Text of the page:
The war against terrorism in the world's most populous Muslim nation cannot be won unless religious leaders take up the fight against extremist interpretations of the faith, Indonesia's vice president said Tuesday. The remarks by Yusuf Kalla underline the increased emphasis the government is placing on combatting hardline ideologies since suicide bombings last month on the resort island of Bali killed 20.
"There are two kinds of war against terrorists, the physical one carried out by the police ... and the most important one, that is the war against the ideology," he said. "What is happening is that today we arrest 10 people, but the ideology continues and the extremists can recruit 50 more people."
Video recordings made by the three young attackers on Bali in which they say the blasts were part of a holy war against the West have shocked many in this mostly moderate nation. The footage, and that of a masked militant threatening more attacks, has been shown repeatedly on TV.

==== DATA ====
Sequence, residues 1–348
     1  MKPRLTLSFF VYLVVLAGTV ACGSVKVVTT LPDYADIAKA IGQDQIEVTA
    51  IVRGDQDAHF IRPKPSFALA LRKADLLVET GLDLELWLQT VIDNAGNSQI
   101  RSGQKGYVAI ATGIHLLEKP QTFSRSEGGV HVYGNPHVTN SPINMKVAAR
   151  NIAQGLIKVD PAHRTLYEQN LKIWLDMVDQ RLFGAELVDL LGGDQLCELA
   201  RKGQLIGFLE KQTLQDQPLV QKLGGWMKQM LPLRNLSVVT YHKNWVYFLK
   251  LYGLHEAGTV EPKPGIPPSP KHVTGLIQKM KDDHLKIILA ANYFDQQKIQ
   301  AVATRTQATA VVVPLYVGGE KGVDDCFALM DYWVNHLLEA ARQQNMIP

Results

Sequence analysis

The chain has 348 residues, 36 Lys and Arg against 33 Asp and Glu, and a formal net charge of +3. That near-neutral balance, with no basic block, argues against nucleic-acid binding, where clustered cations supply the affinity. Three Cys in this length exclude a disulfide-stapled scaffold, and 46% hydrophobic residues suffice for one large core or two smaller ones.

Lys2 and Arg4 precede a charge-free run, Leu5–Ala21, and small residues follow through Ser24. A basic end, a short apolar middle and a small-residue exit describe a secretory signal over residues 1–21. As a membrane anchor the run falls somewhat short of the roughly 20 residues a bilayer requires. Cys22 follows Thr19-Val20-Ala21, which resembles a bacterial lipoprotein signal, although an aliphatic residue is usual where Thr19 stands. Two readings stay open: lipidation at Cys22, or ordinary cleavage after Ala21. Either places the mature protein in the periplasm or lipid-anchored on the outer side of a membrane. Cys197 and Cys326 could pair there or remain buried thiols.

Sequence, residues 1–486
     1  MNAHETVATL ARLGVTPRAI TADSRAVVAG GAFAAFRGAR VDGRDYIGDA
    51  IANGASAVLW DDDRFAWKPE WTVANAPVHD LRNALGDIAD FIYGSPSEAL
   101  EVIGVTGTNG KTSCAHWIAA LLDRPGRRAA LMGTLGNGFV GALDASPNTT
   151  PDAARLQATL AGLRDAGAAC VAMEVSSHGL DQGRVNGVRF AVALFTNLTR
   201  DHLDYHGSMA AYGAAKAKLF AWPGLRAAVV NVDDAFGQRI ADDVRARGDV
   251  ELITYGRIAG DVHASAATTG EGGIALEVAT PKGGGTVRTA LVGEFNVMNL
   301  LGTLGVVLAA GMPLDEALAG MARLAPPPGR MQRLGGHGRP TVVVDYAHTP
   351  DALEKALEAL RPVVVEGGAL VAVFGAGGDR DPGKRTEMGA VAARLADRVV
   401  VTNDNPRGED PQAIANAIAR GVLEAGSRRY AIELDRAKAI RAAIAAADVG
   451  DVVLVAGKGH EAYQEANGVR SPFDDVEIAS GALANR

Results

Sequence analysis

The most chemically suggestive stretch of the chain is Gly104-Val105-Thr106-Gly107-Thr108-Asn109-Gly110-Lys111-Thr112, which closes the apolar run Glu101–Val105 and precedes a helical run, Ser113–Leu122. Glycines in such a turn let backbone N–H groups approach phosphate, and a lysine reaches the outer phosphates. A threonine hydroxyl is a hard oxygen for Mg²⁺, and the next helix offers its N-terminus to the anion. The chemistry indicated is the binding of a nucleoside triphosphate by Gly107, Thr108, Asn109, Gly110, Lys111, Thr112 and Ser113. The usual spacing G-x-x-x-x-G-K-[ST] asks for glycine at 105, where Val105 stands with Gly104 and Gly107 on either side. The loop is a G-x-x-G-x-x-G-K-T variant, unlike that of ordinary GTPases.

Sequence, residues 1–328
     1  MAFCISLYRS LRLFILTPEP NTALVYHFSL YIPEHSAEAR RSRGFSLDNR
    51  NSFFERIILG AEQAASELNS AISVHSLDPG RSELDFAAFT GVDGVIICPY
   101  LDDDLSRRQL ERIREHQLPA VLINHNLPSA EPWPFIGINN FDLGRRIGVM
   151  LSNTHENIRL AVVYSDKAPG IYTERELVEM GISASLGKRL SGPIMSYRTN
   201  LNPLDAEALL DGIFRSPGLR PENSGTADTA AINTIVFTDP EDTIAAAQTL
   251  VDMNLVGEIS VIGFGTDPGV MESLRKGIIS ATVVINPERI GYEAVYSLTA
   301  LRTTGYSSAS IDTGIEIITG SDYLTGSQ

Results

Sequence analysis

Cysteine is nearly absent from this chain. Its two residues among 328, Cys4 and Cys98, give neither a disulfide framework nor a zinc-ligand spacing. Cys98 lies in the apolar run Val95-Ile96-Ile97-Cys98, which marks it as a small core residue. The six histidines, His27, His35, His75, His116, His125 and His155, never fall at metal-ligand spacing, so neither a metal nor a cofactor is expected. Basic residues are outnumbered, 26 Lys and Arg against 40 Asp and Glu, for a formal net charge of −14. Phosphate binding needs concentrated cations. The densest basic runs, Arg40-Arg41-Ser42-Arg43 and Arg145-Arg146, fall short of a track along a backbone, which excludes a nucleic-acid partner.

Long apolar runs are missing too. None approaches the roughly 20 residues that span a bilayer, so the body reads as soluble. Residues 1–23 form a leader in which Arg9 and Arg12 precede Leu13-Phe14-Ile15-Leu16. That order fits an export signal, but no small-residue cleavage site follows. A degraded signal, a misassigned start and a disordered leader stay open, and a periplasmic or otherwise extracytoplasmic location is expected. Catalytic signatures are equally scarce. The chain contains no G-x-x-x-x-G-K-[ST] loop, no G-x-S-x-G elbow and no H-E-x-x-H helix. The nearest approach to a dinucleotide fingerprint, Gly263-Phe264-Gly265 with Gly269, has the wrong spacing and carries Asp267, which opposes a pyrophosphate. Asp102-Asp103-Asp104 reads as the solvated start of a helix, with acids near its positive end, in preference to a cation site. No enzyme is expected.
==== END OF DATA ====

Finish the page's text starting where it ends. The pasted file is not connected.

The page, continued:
"We are happy that Islamic clerics have declared war on the ideology," he said, referring to more vocal criticism by religious leaders of terrorism since the video recordings were made public. Previously, many clerics and politicians declined to explicitly criticize or even publicly address Islamic terrorism for fear of being seen as subservient to the United States, which is deeply unpopular here because of the war in Iraq.
Last month's attacks were the fourth in Indonesia in three years, including the 2002 Bali nightclub bombings, which killed 202 people, most of them foreign tourists. The strikes have been blamed on militants from the regional Jemaah Islamiyah terror group, reports the AP. I.L.
Rescuers found the pilot of one of the two Su-34 fighters that had collided in midair in the Far East on January 18